When the CEO of a rust-belt manufacturer speaks of cloud computing as critical to his company’s business strategies for competing globally, it’s clear a fundamental shift is underway.
Nearly every manufacturing company I’ve spoken with in the last ninety days has a mobility roadmap and is also challenged to integrate existing ERP, pricing and fulfillment systems into next-generation selling platforms.
One of the most driven CEOs I’ve met in manufacturing implemented a cloud-based channel management, pricing, quoting and CRM system to manage direct sales and a large distributor network across several countries. Manufacturers are bringing an entirely new level of pragmatism to cloud computing, quickly deflating its hype by pushing for results on the shop floor.
There’s also been an entirely new series of enterprise software and cloud computing forecasts and market estimates published. I’ve summarized the key take-aways below:
Enterprise sales of ERP systems will grow to $32.9B in 2016, attaining a 6.7% CAGR in the forecast period of 2011 to 2016. CRM is projected to be an $18.6B global market by 2016, attaining a CAGR of 9.1% from 2011 to 2016. The fastest growing category of enterprise software will be Web Conferencing and Team, growing at a 12.4% CAGR through the forecast period. The following graphic compares 2011 actual sales and the latest forecast for 2016 by enterprise software product category. Source: Gartner’s Forecast Analysis: Enterprise Application Software, Worldwide, 2011-2016, 4Q12 Update Published: 31 January 2013
IDC is predicting Cloud Services and enablement spending will hit $60 billion, growing at 26% through the year and that over 80% of new apps will be distributed and deployed on cloud platforms. Their predictions also are saying that 2.5% of legacy packaged enterprise apps will start migrating to clouds. Source: Top 10 Predictions, IDC Predictions 2012: Competing for 2020 by Frank Gens. You can download a copy of the IDC Predictions here: http://cdn.idc.com/research/Predictions12/Main/downloads/IDCTOP10Predictions2012.pdf
Last week Plex Systems, a leading provider of SaaS-based Enterprise Resource Planning (ERP) systems announced enterprise software veteran Jason Blessing has joined their company as CEO. He is responsible for the strategic direction and growth of the company, and has a proven track record in many facets of enterprise software, from new application development to professional services. His extensive experience includes previous executive positions at Oracle, Taleo, PeopleSoft and Price Waterhouse. You can find his LinkedIn profile here.
Plex Systems’ success delivering ERP entirely on the SaaS platform to manufacturers have many industry analysts, experts and pundits saying their unique business model is prescient of the future of enterprise software. Originally designed for an automotive parts manufacturer, Plex Online is being adopted by aerospace and defense, food and beverage, high tech and electronics, industrial machinery, and precision metal manufacturers. You can find an overview of Plex Systems here.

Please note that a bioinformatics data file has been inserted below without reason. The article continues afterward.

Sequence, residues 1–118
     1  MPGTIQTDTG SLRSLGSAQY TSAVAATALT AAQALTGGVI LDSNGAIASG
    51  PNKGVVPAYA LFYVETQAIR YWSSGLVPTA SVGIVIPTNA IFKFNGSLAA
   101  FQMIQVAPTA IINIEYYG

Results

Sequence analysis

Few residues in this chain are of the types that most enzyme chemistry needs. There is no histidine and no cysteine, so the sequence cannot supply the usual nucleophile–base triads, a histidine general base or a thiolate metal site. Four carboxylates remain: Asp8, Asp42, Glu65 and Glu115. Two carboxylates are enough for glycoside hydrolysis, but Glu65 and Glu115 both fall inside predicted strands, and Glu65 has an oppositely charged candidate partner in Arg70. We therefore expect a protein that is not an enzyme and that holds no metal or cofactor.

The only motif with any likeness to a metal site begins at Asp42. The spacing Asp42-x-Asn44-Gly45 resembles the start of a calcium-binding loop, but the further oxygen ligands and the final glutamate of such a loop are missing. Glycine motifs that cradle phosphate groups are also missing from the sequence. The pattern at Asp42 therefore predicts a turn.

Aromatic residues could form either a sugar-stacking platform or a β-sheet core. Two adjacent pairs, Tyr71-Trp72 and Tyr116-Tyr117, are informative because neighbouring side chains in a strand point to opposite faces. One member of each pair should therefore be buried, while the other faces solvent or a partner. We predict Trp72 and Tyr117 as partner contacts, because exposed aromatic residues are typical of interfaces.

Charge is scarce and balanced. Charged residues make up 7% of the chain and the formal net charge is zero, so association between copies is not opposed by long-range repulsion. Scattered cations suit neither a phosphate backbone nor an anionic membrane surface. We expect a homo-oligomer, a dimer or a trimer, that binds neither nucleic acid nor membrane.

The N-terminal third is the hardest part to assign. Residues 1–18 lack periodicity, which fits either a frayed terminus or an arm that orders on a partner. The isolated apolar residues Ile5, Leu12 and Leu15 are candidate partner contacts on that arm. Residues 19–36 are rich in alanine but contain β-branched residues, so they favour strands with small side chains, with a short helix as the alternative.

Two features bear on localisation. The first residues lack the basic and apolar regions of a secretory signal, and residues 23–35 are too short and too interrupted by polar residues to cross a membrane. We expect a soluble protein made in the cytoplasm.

I recently had a chance to speak with Jason and get his views on the future of ERP, SaaS in manufacturing and the enterprise, and what he sees as the greatest challenges and opportunities for Plex Systems.
Here’s a transcript of my interview with Jason Blessing, the new CEO of Plex Systems:
What are the three biggest challenges you see to Plex Systems’ growth over the long-term and how will you and the management team address them?
Our greatest challenge is awareness of who Plex Systems is and the value we are delivering to our manufacturing customers today. We’re already putting together programs that will highlight the very meaningful customer base we have and what they are able to accomplish using Plex Online. Second, we’re going to continue making significant product investments. Our owners are growth-minded and we’re looking to create a beachheads in additional areas to compliment our heritage in auto manufacturing. Third, we’re going to expand our sales and marketing investments to provide better coverage domestically and in Europe and Asia. We’re also on a mission to lead the resurgence of manufacturing in America by giving small and mid-sized companies the systems they need to be formidable global competitors.
SaaS-based applications have proved themselves in the enterprise. How and why are manufacturers adopting SaaS-based ERP systems today? How is this going to change in the future?